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Optimizing Treatment With Regorafenib in mCRC

Panelists: Johanna Bendell, MD, Sarah Cannon; Al B. Benson, III, MD, Northwestern;Charles D. Blanke, MD, OHSU; Axel Grothey, MD, Mayo; Tanios
Published: Thursday, Sep 11, 2014
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The development of regorafenib as a treatment for patients with colorectal cancer progressed rapidly from phase I to approval. As a result of this rapid development timeline, many of the strategies for treatment with the multikinase inhibitor still need to be perfected, specifically in regard to side effect management, notes lead investigator Axel Grothey, MD.

In the pivotal phase III CORRECT study, 760 patients were randomized in a 2:1 ratio to regorafenib or placebo following progression on standard treatments. The trial found a significant median overall survival of 6.4 months compared with 5.0 months in patients who received placebo (HR = 0.77; P = .0052). The results were the basis for the FDA approval in September 2012.

The most frequent regorafenib-related side effects include hand–foot skin reaction, fatigue, diarrhea, hypertension, and rash. For regorafenib, toxicity management is very important, since many of the critical side effects occur within the first 2 weeks of treatment, Grothey notes. To counter these early side effects, panelists administered regorafenib at a half dose of 80 mg rather than 160 mg, although this decision is not supported by clinical trial data. To help catch side effects early, Grothey suggests monitoring patients on a weekly basis during the first 2 cycles.

Several approaches could be utilized to obtain further data on the management of side effects with regorafenib, including registries and clinical trials, notes Charles D. Blanke, MD. At this point, the impact of dose reductions on efficacy remains unknown. As a result, some oncologists do not utilize the early dose reduction strategy, states Tanios S. Bekaii-Saab, MD.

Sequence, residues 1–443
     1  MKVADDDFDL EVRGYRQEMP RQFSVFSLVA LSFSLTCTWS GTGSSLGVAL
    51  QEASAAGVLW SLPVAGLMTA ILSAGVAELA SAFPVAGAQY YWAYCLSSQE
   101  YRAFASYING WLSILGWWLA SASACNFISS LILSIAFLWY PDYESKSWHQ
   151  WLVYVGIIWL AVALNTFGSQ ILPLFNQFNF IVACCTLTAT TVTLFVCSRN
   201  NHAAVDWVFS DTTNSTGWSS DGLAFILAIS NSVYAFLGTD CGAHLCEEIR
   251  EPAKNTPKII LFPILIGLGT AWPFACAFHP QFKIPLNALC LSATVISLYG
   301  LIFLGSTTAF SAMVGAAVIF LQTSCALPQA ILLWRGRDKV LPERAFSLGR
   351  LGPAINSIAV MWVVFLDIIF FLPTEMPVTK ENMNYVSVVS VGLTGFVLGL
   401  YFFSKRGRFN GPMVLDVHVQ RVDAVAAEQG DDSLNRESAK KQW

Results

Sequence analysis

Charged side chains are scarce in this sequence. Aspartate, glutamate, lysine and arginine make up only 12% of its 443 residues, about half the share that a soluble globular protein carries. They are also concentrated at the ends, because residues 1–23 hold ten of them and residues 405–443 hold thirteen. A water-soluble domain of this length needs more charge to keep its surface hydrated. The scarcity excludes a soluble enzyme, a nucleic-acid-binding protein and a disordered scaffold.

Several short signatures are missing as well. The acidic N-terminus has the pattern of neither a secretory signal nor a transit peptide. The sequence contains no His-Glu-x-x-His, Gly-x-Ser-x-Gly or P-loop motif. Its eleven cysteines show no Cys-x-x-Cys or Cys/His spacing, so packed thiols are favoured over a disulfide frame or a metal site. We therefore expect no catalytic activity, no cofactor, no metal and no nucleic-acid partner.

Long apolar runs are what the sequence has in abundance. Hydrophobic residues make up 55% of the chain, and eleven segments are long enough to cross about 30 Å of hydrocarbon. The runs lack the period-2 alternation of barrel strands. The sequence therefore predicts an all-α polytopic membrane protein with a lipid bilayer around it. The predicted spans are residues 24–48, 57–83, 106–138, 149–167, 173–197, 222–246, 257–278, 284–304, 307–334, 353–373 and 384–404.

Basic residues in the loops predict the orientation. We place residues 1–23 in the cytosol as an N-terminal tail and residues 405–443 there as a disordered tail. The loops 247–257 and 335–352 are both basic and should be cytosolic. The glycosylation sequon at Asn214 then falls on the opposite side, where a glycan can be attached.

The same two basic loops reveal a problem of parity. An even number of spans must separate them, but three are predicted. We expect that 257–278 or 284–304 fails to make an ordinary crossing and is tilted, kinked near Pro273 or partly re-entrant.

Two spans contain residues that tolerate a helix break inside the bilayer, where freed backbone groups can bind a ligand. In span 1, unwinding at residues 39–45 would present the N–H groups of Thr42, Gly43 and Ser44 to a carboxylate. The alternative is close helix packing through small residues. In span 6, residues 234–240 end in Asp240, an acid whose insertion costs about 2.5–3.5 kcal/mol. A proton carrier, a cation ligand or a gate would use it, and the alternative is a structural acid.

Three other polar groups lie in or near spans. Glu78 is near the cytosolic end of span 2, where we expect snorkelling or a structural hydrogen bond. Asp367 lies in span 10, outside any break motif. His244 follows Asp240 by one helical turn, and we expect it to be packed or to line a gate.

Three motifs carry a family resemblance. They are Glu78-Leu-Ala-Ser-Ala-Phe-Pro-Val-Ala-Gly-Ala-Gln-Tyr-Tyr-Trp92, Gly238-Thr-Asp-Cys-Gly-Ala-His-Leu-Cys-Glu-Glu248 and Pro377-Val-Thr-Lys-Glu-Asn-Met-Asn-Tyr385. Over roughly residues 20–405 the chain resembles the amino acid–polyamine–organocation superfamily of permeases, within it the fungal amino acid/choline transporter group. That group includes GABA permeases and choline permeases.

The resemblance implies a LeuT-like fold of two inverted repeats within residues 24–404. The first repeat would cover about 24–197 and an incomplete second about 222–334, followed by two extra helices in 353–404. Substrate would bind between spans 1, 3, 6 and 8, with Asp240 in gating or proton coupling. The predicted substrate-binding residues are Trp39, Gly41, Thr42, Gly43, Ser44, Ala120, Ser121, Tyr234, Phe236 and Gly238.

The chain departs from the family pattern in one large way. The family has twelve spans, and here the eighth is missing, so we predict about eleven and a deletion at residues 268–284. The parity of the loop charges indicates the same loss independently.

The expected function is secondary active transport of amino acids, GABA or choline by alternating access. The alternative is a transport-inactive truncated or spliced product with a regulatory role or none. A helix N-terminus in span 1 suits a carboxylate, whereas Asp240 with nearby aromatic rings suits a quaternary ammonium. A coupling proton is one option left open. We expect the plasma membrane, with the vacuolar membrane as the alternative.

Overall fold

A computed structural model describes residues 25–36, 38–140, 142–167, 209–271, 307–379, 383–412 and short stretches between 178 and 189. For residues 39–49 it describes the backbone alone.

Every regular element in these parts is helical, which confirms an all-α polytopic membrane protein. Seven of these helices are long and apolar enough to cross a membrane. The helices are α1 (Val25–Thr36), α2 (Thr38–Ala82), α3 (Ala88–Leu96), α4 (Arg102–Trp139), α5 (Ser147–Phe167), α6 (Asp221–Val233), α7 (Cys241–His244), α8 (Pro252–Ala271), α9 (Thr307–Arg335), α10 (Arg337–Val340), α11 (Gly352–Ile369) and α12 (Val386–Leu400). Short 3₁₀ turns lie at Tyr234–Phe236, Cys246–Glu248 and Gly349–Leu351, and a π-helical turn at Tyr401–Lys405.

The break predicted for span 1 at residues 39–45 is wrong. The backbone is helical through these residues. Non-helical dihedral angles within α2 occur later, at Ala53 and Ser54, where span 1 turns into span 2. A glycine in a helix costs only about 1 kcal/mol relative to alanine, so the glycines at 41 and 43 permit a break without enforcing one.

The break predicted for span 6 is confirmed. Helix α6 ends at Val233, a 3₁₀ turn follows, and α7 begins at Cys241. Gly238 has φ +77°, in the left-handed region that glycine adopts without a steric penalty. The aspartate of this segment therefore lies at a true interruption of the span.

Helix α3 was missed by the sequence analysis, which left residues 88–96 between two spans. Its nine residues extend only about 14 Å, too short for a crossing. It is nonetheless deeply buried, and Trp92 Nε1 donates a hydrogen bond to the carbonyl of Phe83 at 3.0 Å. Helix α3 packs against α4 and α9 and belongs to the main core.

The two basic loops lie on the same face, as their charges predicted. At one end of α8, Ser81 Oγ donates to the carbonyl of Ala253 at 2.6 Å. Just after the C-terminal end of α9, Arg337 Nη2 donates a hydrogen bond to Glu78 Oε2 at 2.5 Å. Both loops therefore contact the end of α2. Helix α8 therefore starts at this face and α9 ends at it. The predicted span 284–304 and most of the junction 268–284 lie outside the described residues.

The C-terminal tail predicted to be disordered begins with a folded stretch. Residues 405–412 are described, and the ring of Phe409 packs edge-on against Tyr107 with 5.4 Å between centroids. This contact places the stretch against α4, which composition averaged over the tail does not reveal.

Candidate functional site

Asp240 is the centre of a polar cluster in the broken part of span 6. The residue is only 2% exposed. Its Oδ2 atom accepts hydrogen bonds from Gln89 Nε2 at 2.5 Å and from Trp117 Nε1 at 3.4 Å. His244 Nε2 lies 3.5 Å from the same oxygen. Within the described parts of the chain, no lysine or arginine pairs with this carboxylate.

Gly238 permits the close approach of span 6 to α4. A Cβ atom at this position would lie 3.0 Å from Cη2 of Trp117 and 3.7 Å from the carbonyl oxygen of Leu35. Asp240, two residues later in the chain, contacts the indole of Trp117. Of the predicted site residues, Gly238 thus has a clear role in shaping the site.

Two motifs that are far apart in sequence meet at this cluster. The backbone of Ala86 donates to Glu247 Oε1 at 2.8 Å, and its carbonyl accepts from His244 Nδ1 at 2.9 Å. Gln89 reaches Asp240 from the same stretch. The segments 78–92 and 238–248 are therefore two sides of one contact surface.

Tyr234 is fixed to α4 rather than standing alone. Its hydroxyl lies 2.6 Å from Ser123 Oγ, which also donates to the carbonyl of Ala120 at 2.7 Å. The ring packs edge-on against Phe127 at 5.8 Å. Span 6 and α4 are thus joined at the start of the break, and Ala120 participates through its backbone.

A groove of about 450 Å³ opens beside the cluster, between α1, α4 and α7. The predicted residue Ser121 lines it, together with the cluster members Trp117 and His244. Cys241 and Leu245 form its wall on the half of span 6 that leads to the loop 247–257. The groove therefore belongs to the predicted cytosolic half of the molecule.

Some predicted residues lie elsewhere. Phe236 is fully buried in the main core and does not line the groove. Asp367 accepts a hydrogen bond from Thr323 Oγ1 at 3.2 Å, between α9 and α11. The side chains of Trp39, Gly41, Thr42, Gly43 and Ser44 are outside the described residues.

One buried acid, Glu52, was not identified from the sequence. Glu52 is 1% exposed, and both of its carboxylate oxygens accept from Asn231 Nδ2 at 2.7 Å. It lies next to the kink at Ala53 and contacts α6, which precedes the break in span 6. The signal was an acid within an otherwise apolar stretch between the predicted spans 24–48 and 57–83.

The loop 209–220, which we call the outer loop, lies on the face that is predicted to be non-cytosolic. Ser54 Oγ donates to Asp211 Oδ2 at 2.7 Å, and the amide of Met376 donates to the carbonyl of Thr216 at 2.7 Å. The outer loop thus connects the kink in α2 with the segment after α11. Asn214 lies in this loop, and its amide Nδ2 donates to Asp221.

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For High-Definition, Click
The development of regorafenib as a treatment for patients with colorectal cancer progressed rapidly from phase I to approval. As a result of this rapid development timeline, many of the strategies for treatment with the multikinase inhibitor still need to be perfected, specifically in regard to side effect management, notes lead investigator Axel Grothey, MD.

In the pivotal phase III CORRECT study, 760 patients were randomized in a 2:1 ratio to regorafenib or placebo following progression on standard treatments. The trial found a significant median overall survival of 6.4 months compared with 5.0 months in patients who received placebo (HR = 0.77; P = .0052). The results were the basis for the FDA approval in September 2012.

The most frequent regorafenib-related side effects include hand–foot skin reaction, fatigue, diarrhea, hypertension, and rash. For regorafenib, toxicity management is very important, since many of the critical side effects occur within the first 2 weeks of treatment, Grothey notes. To counter these early side effects, panelists administered regorafenib at a half dose of 80 mg rather than 160 mg, although this decision is not supported by clinical trial data. To help catch side effects early, Grothey suggests monitoring patients on a weekly basis during the first 2 cycles.

Several approaches could be utilized to obtain further data on the management of side effects with regorafenib, including registries and clinical trials, notes Charles D. Blanke, MD. At this point, the impact of dose reductions on efficacy remains unknown. As a result, some oncologists do not utilize the early dose reduction strategy, states Tanios S. Bekaii-Saab, MD.
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